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Wouldham High Street ‘no entry’ traffic scheme could become permanent

A temporary traffic ban introduced to curb pollution and traffic in a village following the launch of a new bridge took a step closer to being made permanent this week.

A bid to keep the scheme, which aims to bring relief to the residents of Wouldham High Street, has been backed unanimously by members of the Tonbridge and Malling Joint Transportation Board.

Cllr Andrew Kennedy is strongly in favour of the scheme
Cllr Andrew Kennedy is strongly in favour of the scheme

The order prohibits traffic from entering the high street from the north, the Medway Towns direction.

Kent County Councillor Andrew Kennedy (Con) said: “Wouldham - the last output of Tonbridge and Malling before it becomes Medway - was a sleepy, comfortable self-contained community - until 2016 when the opening of Peters Bridge dramatically affected for the worse the quality of life for the residents in the high street.

“There are around 200 homes there - that’s about 500 people, a third of the village population. Most have no front gardens and open directly onto the road.

“Before the bridge opened, the high street coped with around 400 to 500 cars a day. Afterwards, that leapt to 5,000 a day.

“It became the chosen route for everyone travelling from the Medway Towns to the M20, to Snodland and Halling.

Residents had often protested against the traffic
Residents had often protested against the traffic

Cllr Kennedy said: “It soon became one of the worst air-quality districts in the borough. Residents could no longer open their windows because of the fumes and the noise, and fist fights sometimes broke out when lorry drivers and bus drivers clashed.”

“The No Entry scheme has brought traffic back to a sustainable level, and residents can once again open their windows.”

But Cllr Kennedy admitted the scheme could be improved.

He said: “We need an enforcement camera at No Entry junction and I would also like to see a speed reduction down to 40mph on Pilgrims Way and on Knowle Road.”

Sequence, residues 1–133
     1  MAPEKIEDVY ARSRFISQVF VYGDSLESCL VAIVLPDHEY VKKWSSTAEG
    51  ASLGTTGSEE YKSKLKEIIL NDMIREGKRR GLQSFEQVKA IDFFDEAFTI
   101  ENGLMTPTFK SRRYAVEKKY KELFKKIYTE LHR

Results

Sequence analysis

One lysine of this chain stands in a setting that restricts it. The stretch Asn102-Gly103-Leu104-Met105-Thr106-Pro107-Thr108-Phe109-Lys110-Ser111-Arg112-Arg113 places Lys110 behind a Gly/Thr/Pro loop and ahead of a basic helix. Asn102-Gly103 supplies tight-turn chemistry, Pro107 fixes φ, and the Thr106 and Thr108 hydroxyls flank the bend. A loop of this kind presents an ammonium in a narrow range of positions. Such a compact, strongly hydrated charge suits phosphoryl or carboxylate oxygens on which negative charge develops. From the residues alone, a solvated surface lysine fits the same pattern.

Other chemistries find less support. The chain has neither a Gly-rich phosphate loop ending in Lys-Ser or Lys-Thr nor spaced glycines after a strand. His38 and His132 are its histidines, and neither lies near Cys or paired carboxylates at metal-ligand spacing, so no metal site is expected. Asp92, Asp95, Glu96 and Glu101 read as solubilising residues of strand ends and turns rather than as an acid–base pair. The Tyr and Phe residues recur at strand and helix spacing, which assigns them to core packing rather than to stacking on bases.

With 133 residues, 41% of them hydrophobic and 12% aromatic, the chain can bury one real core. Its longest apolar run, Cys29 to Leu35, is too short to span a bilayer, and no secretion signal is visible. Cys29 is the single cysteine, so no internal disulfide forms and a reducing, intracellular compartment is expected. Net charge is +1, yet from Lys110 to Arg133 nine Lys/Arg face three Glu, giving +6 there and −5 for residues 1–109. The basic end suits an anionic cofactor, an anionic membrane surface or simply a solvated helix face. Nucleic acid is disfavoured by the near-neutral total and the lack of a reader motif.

Cllr Dave Davis (Con) also considered the scheme to be “excellent”, but he too acknowledged that there were now problems elsewhere in the village because of the displaced traffic.

The Wouldham experimental traffic scheme
The Wouldham experimental traffic scheme

He suggested there needed to be a 40mph limit on “all roads north of Burham” and that the issue of parking around Cornwall Crescent and Ravens Knowle needed to be looked at.

However, neither councillor wanted to delay the speedy formal adoption of the existing scheme while these other aspects were investigated.

Cllr David said he just wanted to “put down a marker” for future investigation.

Wouldham resident Sue Smith thought there were other improvements that could be made too.

She told KentOnline: “School Lane, which we use to leave our home, is narrow and the over-growth of hedges makes it to use at times and unsafe to pull out.

Cllr Dave Davis
Cllr Dave Davis

“Also today l waited while two cars were unable to pass each other and one needed to back up. The road is too narrow for two-way traffic so may need widening.”

The final decision to make the experimental scheme permanent rests with the KCC cabinet member for highways, Cllr Neil Baker.

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